1979 Spanish local elections

The 1979 Spanish local elections were held on Tuesday, 3 April 1979, to elect all 67,505 councillors in the 7,870 municipalities of Spain and all 1,152 seats in 43 provincial deputations.[1][2][3] The elections were held simultaneously with local elections in the four foral deputations of the Basque Country and Navarre and the ten island councils in the Balearic and Canary Islands.

1979 Spanish local elections

← 1976 3 April 1979 1983 →

67,505 councillors in 7,870 municipal councils
1,152 seats in 43 provincial deputations
Registered26,591,013
Turnout16,621,868 (62.5%)
  First party Second party Third party
  Adolfo Suárez 1980 (cropped).jpg Felipe González 1976 (cropped).jpg Santiago Carrillo 1978 (cropped).jpg
Leader Adolfo Suárez Felipe González Santiago Carrillo
Party UCD PSOE PCE
Seats won 29,288 12,069 3,725
Popular vote 5,067,634 4,621,672 2,142,049
Percentage 30.9% 28.2% 13.0%

  Fourth party Fifth party Sixth party
  Jordi Pujol 1980s (cropped).jpg Manuel Fraga 1982 (cropped).jpg Carlos Garaikoetxea 1979 (cropped).jpg
Leader Jordi Pujol Manuel Fraga Carlos Garaikoetxea
Party CiU CD EAJ/PNV
Seats won 1,782 2,383 1,093
Popular vote 509,128 504,780 361,160
Percentage 3.1% 3.1% 2.2%

SpainProvinceMapMunicipal1979.png
Provincial results map for municipal elections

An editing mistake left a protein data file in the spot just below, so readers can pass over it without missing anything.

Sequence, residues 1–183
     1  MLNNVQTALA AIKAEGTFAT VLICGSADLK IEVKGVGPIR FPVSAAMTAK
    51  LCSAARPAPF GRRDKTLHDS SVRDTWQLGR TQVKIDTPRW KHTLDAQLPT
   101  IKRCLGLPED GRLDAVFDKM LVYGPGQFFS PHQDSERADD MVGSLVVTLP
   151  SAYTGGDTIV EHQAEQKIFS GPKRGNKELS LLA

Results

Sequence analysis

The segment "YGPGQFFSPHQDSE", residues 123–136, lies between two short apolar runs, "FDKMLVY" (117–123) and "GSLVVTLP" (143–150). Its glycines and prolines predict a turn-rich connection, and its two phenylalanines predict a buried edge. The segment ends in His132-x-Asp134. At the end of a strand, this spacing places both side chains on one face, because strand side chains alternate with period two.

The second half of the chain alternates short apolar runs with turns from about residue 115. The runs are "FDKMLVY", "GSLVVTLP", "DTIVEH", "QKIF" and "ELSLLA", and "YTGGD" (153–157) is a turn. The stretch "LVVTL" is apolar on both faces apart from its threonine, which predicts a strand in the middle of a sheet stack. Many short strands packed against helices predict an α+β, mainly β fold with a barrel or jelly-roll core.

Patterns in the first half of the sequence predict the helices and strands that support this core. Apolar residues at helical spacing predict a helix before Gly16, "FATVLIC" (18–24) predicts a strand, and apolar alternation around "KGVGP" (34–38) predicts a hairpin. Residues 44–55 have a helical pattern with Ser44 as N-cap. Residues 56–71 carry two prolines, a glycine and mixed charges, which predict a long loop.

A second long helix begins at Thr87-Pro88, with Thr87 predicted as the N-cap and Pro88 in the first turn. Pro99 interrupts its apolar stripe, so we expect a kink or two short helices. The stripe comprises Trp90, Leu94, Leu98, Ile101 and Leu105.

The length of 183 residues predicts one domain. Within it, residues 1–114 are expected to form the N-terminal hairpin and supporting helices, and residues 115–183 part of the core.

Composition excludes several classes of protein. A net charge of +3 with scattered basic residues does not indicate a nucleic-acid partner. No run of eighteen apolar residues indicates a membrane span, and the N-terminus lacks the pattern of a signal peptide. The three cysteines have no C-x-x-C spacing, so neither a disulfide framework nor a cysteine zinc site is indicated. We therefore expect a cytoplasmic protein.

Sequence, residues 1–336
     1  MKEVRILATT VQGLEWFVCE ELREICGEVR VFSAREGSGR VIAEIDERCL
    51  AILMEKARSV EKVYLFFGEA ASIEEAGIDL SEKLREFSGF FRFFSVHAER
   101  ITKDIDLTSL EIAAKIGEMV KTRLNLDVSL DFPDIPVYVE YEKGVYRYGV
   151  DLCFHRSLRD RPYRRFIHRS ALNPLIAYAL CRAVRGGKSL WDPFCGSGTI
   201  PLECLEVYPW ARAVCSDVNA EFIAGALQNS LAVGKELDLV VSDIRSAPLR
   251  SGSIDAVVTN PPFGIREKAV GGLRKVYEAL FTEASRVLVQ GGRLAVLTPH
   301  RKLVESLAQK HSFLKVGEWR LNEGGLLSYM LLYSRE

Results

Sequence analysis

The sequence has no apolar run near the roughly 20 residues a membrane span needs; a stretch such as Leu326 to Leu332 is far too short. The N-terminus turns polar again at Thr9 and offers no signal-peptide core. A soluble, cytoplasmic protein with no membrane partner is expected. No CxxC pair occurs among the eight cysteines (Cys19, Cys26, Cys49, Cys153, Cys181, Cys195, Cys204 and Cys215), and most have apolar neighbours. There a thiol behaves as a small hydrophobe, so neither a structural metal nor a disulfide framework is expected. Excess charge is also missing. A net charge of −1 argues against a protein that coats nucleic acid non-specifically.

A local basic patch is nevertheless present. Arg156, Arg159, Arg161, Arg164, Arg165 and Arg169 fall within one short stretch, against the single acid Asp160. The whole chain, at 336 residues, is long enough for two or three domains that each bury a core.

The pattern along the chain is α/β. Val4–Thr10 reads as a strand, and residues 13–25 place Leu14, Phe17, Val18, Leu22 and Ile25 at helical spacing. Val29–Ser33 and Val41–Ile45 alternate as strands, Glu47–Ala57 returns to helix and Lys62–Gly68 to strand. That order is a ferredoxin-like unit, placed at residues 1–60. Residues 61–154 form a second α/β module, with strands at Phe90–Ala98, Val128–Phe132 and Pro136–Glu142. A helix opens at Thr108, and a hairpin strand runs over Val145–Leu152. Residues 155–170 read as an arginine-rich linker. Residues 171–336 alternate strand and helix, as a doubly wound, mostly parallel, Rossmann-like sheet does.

While the national ruling Union of the Democratic Centre (UCD) emerged as the largest party overall, an alliance between the Spanish Socialist Workers' Party (PSOE) and the Communist Party of Spain (PCE) saw municipal control over the main urban areas switching to left-wing parties.[4][5]

Electoral systemEdit

Municipal elections

Municipalities in Spain were local corporations with independent legal personality. They had a governing body, the municipal council or corporation, composed of a mayor, deputy mayors and a plenary assembly of councillors. Voting for the local assemblies was on the basis of universal suffrage, with all nationals over eighteen, registered in the corresponding municipality and in full enjoyment of all political rights entitled to vote. The mayor was in turn elected by the plenary assembly, with a legal clause providing for the candidate of the most-voted party to be automatically elected to the post in the event no other candidate was to gather an absolute majority of votes.